Singapore monetary policy no model for New Zealand
The Leader of the Opposition, Phil Goff, and some commentators have suggested that the Reserve Bank should exercise more control over the value of the New Zealand dollar. Mention has been made of Singapore's monetary policy, which focuses on controlling the exchange rate. It certainly appears to work well for Singapore with low inflation, relatively low interest rates, good growth, and low unemployment. How much these outcomes are due to Singapore's monetary policy and how much are due to its very low tax rates and levels of government spending, liberal regulatory environment, close proximity to rapidly growing Asian markets, and easy access to cheap migrant labour are arguments for another time. Nevertheless, Singapore's monetary policy can't have harmed its economic performance and it appears to have led to a far less volatile currency than in New Zealand. This confers a significant advantage to its exporters. It has an understandable allure for those who see New Zealand's monetary policy being unduly harsh on our exporters.
However, Singapore's monetary policy model, or even a modified version of it, would not be a good fit for New Zealand. Before explaining why, it is worth clarifying that low inflation is the ultimate objective of Singapore's central bank, the Monetary Authority of Singapore (MAS), just like in New Zealand, Australia, Canada, the US, Britain and many other developed countries. The exchange rate is the MAS's primary tool to achieve low inflation, in the same way that the Reserve Bank of New Zealand uses the Official Cash Rate for this purpose. The MAS aims to manage the trade-weighted exchange rate within certain bands consistent with achieving low inflation, thereby helping smooth the Singapore dollar over economic cycles. The MAS does not seek to influence the long-term trend of the Singapore dollar, the value of which has tended to rise over time.
Admittedly, a less variable exchange rate is a boon for Singaporean exporters. For the Singapore economy as a whole this is particularly advantageous. Its external sector (exports plus imports) accounts for over 200% of GDP. In contrast, New Zealand's external sector accounts for 55% of GDP. Our economy clearly has a much stronger domestic focus than Singapore. Therefore, interest rates are a much more direct and effective way of influencing inflation in New Zealand than the exchange rate. Technically then the Singapore monetary policy model is not a very good fit for New Zealand's circumstances.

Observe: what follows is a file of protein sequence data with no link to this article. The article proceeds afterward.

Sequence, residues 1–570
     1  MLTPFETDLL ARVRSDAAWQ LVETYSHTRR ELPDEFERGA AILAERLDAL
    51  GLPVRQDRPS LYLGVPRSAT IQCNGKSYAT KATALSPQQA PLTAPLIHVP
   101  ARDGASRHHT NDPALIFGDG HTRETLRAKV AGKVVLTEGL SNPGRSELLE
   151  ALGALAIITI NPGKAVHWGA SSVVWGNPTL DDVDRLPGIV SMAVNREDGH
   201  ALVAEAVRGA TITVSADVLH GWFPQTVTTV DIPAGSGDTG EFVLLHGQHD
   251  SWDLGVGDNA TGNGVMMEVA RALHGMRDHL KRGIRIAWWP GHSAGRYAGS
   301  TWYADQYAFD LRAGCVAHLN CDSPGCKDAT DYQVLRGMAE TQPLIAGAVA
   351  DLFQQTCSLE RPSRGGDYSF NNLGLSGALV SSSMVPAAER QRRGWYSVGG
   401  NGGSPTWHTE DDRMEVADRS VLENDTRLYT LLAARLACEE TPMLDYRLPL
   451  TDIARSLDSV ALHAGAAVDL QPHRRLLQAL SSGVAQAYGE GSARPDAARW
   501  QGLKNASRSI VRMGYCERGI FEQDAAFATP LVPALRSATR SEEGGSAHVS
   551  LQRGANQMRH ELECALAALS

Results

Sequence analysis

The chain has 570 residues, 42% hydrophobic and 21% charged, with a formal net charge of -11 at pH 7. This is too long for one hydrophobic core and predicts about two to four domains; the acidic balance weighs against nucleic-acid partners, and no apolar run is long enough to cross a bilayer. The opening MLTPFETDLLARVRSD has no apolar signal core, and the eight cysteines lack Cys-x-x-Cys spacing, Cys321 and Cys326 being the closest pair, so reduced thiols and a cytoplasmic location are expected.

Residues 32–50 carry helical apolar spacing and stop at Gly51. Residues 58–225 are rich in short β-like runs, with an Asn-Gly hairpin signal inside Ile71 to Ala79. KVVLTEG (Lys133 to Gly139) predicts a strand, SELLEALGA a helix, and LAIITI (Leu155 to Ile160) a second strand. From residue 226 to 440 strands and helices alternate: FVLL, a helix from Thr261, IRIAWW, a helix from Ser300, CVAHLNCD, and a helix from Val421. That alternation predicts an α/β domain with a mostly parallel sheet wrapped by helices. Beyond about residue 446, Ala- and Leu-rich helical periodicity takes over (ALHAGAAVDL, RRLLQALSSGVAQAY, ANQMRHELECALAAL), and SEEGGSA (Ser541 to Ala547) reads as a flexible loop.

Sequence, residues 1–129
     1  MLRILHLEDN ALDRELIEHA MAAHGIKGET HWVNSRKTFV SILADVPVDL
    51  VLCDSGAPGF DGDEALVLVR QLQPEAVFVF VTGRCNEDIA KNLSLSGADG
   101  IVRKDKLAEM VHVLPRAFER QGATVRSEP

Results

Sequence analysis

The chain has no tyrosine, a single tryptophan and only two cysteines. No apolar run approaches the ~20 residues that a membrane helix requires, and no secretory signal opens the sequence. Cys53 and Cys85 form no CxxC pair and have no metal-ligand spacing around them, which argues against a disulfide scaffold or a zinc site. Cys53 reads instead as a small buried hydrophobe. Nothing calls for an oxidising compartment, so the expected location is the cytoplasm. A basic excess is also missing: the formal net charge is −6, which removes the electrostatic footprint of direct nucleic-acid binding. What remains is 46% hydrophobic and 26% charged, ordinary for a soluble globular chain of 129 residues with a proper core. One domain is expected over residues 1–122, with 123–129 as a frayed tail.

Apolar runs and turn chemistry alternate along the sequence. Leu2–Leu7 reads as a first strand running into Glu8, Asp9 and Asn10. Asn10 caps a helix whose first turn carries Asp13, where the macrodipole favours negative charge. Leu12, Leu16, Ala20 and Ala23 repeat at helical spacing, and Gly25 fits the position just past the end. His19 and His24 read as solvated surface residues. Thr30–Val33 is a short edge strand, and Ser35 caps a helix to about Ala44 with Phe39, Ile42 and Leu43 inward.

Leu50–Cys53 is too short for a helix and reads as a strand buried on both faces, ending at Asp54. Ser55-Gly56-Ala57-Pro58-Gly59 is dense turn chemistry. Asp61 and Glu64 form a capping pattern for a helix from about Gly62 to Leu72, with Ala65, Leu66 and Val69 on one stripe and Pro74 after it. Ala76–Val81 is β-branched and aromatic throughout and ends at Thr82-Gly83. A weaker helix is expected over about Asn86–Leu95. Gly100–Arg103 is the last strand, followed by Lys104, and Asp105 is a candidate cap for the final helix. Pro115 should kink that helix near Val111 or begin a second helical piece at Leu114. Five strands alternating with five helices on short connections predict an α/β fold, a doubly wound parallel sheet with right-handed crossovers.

Regardless of whether a Singapore-type approach would in theory be desirable for New Zealand, it would be extremely difficult to successfully implement here. The MAS can only follow its policy of managing the exchange rate because it has amassed huge foreign currency reserves currently around $S260 billion (approximately the same in New Zealand dollars). This allows the MAS to credibly influence the value of the Singapore currency over short periods of time because with that much money to play with currency speculators will consider it too risky to take bets against the central bank.
New Zealand currently has around $NZ 14 billion in reserves. At that level the Reserve Bank would have little sway over the New Zealand dollar. The Reserve Bank believes that it can take the tips off the peaks and troughs of cycles in the New Zealand dollar if it is clearly highly over or under-valued, but no more. To have a more substantial effect on the New Zealand dollar the Government would need to give a massive injection to the Reserve Bank's foreign currency reserves money that it simply does not have. Recently the Reserve Bank Governor, Alan Bollard, indicated that currency intervention would not be effective at influencing the value of the New Zealand dollar when its strength is due to underlying weaknesses in major currencies like the US dollar.
One way that the Reserve Bank could have more influence on the currency, which the MAS has practiced intermittently, is to impose controls on the inflow and outflow of capital. This approach is more common among developing countries primarily to maintain financial stability in the face of "hot" money. Such countries have less developed financial systems and economic institutions than more developed countries like New Zealand and, therefore, face larger risks of substantial financial disruptions if big shocks hit their economies. However, capital controls have serious side-effects they raise the cost of borrowing for businesses and inhibit economic growth. History has also shown that capital controls are costly to administer as businesses and currency traders seek ways around them.
New Zealand’s monetary policy model is not perfect, but it better suits our circumstances than the Singapore model. On the whole it has delivered low inflation and less severe business cycles. We should not expect it to be overly focused on smoothing movements in the exchange rate, which is an objective it is ill-suited to achieving.